He went on to mention the high esteem in which he was regarded, “his quiet unassuming manner endeared him to us all, and gained for him a popularity envied by us all. His loss stings us deeply”.

May Photo-tryThe following night, Wilfred was buried by the Chaplain in the valley behind their lines.  Today, a few kilometres away, he is remembered at Zouave Valley Cemetery, on the outskirts of Souchez. He is also commemorated by The Royal Fusiliers memorial at Holborn in London, erected as a tribute to the 22,000 men of the regiment who lost their lives in the Great War. He was posthumously awarded the 1914-15 Star, the British War Medal and the Allied Victory Medal, which were respectively and endearingly, nick-named Pip, Squeak and, most appropriately, Wilfred.

During his short time in the army, Wilfred was twice offered a commission, but he refused on both occasions, preferring to stay with his friends and fight in the ranks where “he was a splendid soldier”, according to his Captain. “Admired and respected by his officers, beloved by his comrades”. His quiet and gentle personality, says his obituary “endeared him to the whole countryside, and made him the favourite in the village”.

Chris Wilson



Lustleigh War Memorial – Baillie

Humphrey John Baillie
Humphrey John Baillie was born on 14th June 1893 at Newnham-on-Severn Gloucestershire, the son of Rev. William Gordon Baillie and Mary Harriet (Evans) Baillie. He moved to Lustleigh aged eleven when his father became Rector here in 1904, a living he held until 1910. He was educated at Haileybury College, a public school 20 miles north of London from 1906 to 1912. Whilst he was at Haileybury he became the Cadet Colour–Sergeant in the Officers Training Corps and on 27th May joined the Regular Army as a Second Lieutenant (on probation) in 2nd Battalion the Dorsetshire Regiment.
On 3rdMarch 1915, just one year before his death, he distinguished himself at the battle of Ahwaz, then part of Persia. An Expeditionary Force was dispatched from India in mid October 1914 to protect British interests in the region, in particular the oil pipeline, which the Turks were targeting. The British garrison at Ahwaz included 20 Rifles of the Dorsetshire Regiment, alongside many Troops and Companies of the Indian Army and sections of Royal Horse Artillery plus the 23rd (Peshawar) Mounted Battery. In all about 1000 British soldiers faced overwhelming enemy troops numbering 12000 men- 2000 of them Turks. They were forced to retreat and the 20 men of Number 10 Platoon 2nd Battalion Dorsets became the solid defensive rock during this period of battle. Despite their prominence in action, the Dorsets only suffered one casualty who was wounded. The regimental history records that Lieutenant Baillie was recommended for the Victoria Cross but was awarded a Military Cross. Eight of his men were awarded the Distinguished Conduct Medal.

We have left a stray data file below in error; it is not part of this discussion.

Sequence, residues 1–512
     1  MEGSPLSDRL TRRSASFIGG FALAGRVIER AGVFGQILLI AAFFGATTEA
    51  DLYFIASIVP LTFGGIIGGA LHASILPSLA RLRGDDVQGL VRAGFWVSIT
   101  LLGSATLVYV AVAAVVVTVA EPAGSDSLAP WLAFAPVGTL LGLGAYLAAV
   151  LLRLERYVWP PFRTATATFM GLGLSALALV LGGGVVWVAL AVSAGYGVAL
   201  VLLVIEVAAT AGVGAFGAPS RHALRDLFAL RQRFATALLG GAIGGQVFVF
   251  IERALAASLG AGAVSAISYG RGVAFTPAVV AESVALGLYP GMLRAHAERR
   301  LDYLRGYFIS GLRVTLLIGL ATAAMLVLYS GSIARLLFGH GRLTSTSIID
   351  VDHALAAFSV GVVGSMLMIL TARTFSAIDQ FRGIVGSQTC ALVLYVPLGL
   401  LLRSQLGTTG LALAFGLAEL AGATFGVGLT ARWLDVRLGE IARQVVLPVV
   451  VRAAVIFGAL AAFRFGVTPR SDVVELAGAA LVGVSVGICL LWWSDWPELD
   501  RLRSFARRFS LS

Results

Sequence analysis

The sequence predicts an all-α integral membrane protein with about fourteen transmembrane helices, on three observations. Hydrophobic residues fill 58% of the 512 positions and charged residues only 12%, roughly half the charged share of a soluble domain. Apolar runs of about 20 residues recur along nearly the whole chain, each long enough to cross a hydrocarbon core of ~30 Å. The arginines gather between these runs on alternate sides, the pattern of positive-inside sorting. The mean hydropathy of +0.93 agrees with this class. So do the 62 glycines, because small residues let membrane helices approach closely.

The Lustleigh parish magazine of September 1915 recorded the relevant extract from despatches of Sir Arthur Barret, General Officer The Indian Expeditionary Force in Mesopotamia and the Rev. Johnson wrote that “Lustleigh would like to take off its hat to Lieut. Baillie, as he now is, and to offer its congratulations to his parents in their hour of pride”
One year later on 2nd March 1916, aged 23, Lieut Baillie was killed by a sniper during a later action when the Ottoman forces laid siege to Kut-el-Amar. He was buried in the Kut war cemetery. Of the 350 men of the 2nd Dorsets only 70 survived the siege, and the British were forced to surrender on 29th April 1916. This was one of the greatest humiliations to befall the British Army in its history. For the Turks – and for Germany – it proved a morale booster and weakened British influence in the Middle East.
In May 1916, the parish magazine published a letter from Rev. W. Gordon Baillie including the following. “My wife and I have been deeply touched by the generous gift of the people of my old parish in memory of our dear son……..we propose to devote it to a cause which is very dear to our hearts, whereby we hope to found a room and bed in his memory at the “Star and Garter” home for disabled sailors and soldiers … we are sure that my son, had he lived, would have been keenly interested in such a scheme, for he was always full of sympathy for his men.

Lustleigh War Memorial – Maunder

Samuel Maunder

In the North East corner of our churchyard, you will find a memorial to Samuel Maunder.  Sam died on June 5th 1915 and was buried there five days later. On the grave, there is a single red rose and a note reading